This section is from the book "The Dogs Of Great Britain, America, And Other Countries. Their Breeding, Training, and Management in Health and Disease", by John Henry Walsh (Stonehenge). Also available from Amazon: The Dogs Of Great Britain, America And Other Countries.
The engraving given on this page represents the poodle as he is generally to be seen, shaved in part, so as to resemble the lion in having a mane; the tip of his tail having a tuft left on it. He is by many supposed to be the produce of a cross between the water and land spaniels, but there is no good reason to suppose that the breed is not quite as distinct as either of them. For many years it has been known in France and Germany, particularly the former country, and it is there occasionally used for sporting purposes, though, as in England, it is chiefly as a companion that this dog is kept. With more intelligence than falls to the lot of any other dog, he unites great fidelity to his master, and a strong love of approbation, so that he may readily be induced to attempt any trick which is shown him, and the extent to which he may be taught to carry out the secret orders of his instructor is quite marvellous. He fetches and carries very readily, swims well, and has a good nose, but has no particular fondness for hunting game, often preferring a stick or a stone to a hare or pheasant.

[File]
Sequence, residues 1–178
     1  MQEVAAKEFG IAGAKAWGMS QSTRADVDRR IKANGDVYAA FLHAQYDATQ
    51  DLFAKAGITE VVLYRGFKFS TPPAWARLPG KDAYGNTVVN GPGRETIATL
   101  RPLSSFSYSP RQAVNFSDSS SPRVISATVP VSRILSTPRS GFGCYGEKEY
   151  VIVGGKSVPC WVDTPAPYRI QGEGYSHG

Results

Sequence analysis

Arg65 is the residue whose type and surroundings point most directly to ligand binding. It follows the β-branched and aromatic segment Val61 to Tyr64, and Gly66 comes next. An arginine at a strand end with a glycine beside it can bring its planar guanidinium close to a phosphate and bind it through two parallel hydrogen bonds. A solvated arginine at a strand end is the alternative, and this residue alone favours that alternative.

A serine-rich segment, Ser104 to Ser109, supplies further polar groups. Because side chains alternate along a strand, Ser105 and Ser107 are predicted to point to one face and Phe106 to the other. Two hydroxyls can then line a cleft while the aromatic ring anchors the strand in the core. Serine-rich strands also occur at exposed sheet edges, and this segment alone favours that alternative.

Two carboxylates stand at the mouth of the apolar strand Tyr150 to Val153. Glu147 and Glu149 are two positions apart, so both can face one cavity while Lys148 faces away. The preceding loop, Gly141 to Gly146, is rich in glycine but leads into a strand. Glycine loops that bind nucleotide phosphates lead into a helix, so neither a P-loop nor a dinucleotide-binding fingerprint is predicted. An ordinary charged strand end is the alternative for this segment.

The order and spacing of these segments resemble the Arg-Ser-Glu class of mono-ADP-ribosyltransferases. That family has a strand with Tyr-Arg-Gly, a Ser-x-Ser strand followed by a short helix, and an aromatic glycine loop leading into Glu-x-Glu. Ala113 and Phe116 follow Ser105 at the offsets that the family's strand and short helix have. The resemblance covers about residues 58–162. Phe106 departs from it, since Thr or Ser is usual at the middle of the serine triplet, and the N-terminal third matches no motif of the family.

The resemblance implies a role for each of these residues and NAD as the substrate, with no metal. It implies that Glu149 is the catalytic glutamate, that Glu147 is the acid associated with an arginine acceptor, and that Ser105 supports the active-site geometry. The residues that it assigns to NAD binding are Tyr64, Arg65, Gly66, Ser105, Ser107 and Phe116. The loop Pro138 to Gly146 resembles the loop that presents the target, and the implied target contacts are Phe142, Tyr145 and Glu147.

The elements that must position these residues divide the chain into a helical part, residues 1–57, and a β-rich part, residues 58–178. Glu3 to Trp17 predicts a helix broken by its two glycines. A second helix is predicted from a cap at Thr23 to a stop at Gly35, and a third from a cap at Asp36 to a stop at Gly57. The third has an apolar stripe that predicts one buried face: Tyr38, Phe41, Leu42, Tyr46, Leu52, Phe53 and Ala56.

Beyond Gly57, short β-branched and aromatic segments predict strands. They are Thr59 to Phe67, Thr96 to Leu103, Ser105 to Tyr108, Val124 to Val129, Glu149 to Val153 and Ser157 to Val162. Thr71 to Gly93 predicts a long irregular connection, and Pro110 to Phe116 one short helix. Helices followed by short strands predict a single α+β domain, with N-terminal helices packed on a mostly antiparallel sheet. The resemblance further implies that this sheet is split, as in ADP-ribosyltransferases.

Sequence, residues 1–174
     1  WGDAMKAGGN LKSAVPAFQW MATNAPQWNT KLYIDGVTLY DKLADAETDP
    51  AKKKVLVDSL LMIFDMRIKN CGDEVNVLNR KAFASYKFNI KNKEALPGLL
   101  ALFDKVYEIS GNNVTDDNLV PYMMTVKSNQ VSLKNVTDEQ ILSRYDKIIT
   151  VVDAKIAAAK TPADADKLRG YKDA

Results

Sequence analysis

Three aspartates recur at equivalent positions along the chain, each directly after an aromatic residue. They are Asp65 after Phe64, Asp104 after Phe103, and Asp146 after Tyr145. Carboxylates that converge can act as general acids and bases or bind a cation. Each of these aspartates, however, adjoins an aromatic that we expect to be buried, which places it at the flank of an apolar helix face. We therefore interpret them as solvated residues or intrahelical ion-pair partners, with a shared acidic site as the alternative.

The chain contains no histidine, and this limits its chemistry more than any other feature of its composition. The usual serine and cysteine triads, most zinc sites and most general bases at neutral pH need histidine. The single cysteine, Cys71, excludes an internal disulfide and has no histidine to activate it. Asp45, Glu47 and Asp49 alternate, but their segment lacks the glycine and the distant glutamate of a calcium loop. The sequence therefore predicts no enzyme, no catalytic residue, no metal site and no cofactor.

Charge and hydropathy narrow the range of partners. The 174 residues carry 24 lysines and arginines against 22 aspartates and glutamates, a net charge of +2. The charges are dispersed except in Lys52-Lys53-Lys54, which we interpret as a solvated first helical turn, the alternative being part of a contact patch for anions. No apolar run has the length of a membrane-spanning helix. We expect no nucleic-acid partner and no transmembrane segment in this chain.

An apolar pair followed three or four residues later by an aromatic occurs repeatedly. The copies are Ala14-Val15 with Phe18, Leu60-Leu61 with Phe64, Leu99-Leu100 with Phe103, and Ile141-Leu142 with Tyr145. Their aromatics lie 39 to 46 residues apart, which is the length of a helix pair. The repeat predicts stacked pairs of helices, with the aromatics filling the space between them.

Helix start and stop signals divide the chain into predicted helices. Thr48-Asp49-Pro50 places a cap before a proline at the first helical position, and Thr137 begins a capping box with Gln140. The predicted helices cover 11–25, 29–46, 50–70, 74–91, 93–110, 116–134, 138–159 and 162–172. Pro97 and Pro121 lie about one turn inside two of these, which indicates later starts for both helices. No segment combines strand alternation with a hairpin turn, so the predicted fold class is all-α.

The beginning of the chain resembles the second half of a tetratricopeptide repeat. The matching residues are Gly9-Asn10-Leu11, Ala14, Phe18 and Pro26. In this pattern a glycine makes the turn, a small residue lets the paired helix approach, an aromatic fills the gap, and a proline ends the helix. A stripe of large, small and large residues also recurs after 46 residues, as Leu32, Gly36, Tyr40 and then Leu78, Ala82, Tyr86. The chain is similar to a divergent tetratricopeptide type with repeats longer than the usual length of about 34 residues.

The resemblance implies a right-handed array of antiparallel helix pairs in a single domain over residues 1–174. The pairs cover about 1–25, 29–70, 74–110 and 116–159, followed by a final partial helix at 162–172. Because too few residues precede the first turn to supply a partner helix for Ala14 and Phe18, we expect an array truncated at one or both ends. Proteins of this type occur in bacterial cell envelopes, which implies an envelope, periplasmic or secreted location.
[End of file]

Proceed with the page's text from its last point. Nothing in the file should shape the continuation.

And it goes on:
Fig. 32. - POODLE DOG.
Two of these dogs which were exhibited in London astonished every one by their clever performances, sitting up to table gravely, and playing a game at cards as quickly as a human being, the cards being placed before them, and the one to be played being selected by the dog's foot. Of course this was all done by preconcerted signal, but nevertheless it was remarkably well managed, and showed a degree of intelligence and discipline worthy of a better purpose.
The poodle is characterized by a large wide head, rising sharply at the forehead, long falling ears clothed with thick curly hair, rather small eyes, square muzzle, with a liberal allowance of jowl, and a sedate appearance until roused by any prospect of fun; a well-formed pointer-like body, but covered with thick closely curling hair, hanging down in ringlets below; tail usually cropped more or less, naturally covered with crisp curls; legs straight, and covered all round with hair hanging in short ringlets; feet small and round, and moderately hairy; color white or black, or white and black; hight from 16 to 20 inches.
The Barbet is merely a small variety of the poodle, which it resembles in all respects but size.